The bill is largely aimed at recovering an estimated $10 billion that stands to be lost to the government because of an error in deep-water drilling leases for the Gulf of Mexico issued in the late 1990s. Congressional auditors and the Interior Department's inspector general have said the mistake was ignored for six years by the Minerals Management Service, which oversees the leasing program.
As the House began debate on the energy measure, Interior Inspector General Earl Devaney told a Senate hearing that the minerals bureau showed "a shockingly cavalier management approach" in dealing with the leasing error, although the problem was known within the agency as early as 2000.
It's "a jaw-dropping example of bureaucratic bungling," he told the Senate Energy and Natural Resources Committee.
The White House on Wednesday expressed support for some of the tax and royalty proposals but said other provisions unfairly single out the oil industry or jeopardize domestic oil and gas production.
The legislation would impose a "conservation fee" on oil and gas taken from deep waters of the Gulf of Mexico, scrap nearly $6 billion worth of oil industry tax breaks enacted by Congress in recent years and seek to recoup royalties lost to the government because of an Interior Department error in leases issued in the late 1990s.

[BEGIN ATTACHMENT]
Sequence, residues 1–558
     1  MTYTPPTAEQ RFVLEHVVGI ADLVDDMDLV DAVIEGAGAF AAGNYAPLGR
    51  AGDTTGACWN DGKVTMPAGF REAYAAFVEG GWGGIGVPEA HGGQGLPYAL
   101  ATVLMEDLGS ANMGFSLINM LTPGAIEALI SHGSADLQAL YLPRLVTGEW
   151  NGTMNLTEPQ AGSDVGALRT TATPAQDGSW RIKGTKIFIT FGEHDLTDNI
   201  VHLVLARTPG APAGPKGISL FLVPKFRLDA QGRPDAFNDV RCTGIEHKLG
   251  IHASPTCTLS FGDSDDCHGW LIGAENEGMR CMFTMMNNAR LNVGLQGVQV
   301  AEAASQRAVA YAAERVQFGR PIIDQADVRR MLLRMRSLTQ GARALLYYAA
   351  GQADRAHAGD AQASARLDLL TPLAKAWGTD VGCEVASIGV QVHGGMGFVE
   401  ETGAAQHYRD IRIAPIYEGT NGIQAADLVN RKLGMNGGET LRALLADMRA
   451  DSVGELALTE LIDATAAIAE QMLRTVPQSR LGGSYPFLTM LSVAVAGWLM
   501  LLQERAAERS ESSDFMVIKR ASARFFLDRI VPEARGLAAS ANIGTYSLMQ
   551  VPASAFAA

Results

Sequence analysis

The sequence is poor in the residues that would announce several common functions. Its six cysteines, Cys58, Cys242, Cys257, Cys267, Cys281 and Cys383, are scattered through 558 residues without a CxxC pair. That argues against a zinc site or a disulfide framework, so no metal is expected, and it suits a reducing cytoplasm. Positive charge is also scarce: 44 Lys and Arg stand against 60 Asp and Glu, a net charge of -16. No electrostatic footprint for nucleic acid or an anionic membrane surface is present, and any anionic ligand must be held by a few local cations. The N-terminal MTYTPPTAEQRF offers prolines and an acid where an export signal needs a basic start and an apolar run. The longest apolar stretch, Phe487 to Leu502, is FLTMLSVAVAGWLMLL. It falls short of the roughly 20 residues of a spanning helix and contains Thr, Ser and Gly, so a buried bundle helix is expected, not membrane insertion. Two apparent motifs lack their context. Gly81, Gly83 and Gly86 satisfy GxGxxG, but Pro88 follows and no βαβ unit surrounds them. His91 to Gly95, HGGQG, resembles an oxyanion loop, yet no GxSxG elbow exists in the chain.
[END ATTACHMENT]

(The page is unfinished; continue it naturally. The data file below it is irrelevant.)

Democratic leaders estimate the measure would generate an additional $15 billion in revenue. Almost all of that money would be funneled into a research and development fund for renewable fuels such as solar and wind power, alternative fuels including ethanol and bio-diesel, and conservation incentives.
The legislation was expected to move through the House with broad support from Democrats and moderate Republicans. Its prospects in the Senate were uncertain, given the Democrats' narrow majority there and sharp opposition from some Republicans as well as the White House.
Sen. Maria Cantwell, D-Wash., said Wednesday she doubts the Senate would accept the package as written. She suggested the Senate might want broader legislation to fix what she characterized as an oil and gas royalty program "riddled with blatant mismanagement."